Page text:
Rotations are powerful. They can be used as a means of understanding and explaining a whole host of important results in geometry, from vertical angles, to alternate interior angles, to properties of parallelograms. In order for students to reason with rotations, the first essential task is to formulate a precise definition of rotation. The Common Core State Standards for Mathematics call for students to be able to do exactly this in Standard G-CO.4.

Click here for an interactive demonstration.

Standard G-CO.2 requires students to be able to “describe transformations as functions that take points in the plane as inputs and give other points as outputs.” To define a rotation is to be able to describe precisely how each point in the plane responds to the action of : where does it end up? Suppose that is the rotation of the plane about point through 50 degrees. Here are the key features that define :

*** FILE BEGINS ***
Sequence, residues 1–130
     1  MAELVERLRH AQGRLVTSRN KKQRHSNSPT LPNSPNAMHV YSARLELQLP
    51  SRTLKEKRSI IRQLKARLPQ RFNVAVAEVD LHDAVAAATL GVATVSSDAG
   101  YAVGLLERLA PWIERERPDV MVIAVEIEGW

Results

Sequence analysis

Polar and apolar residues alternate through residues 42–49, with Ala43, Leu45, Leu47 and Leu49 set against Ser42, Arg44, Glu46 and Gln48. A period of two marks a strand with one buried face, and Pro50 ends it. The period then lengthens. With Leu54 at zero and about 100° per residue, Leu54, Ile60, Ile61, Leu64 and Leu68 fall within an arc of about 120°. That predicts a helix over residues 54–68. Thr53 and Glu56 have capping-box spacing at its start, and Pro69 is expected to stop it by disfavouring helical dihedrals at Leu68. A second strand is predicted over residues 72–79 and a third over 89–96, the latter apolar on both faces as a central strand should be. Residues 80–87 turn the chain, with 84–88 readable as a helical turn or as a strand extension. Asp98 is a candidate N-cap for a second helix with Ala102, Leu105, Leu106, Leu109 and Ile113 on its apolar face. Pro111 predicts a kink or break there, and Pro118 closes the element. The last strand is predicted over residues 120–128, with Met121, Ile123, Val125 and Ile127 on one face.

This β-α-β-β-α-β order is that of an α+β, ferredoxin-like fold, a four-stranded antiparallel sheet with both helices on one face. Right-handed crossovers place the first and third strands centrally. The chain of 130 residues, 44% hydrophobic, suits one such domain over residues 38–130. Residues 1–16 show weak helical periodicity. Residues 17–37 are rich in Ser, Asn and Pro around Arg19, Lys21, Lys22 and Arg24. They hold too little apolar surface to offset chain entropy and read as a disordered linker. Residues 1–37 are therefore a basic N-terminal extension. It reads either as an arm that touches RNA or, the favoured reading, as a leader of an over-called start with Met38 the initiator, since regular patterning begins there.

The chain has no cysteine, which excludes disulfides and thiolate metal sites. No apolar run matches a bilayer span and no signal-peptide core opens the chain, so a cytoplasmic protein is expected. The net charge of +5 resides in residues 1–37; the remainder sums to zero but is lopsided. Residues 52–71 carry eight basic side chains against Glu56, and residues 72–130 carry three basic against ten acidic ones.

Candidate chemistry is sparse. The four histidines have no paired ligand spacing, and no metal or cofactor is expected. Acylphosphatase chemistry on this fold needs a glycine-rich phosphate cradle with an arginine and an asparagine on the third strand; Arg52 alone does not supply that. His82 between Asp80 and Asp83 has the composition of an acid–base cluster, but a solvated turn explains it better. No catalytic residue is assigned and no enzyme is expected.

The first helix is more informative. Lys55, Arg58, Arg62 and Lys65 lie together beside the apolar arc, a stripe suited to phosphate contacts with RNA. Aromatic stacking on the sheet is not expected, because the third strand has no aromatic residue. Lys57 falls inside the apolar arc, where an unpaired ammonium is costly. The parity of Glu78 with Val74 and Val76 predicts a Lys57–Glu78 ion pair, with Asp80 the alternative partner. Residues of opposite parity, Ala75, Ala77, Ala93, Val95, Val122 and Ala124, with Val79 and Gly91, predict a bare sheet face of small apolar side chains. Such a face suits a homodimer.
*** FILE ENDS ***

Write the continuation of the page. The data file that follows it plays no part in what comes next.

- The center of rotation spins in place. In other words, the center is a fixed point of .
- .

- Every other point in the plane moves along a circular path through a specified number of degrees.

That’s it! When we start to write proofs that involve rotations, we’ll see that each of the conditions above is absolutely essential. In the next few posts, I’ll give some examples of such proofs.

The task of defining rotations is also described at Illustrative Mathematics.

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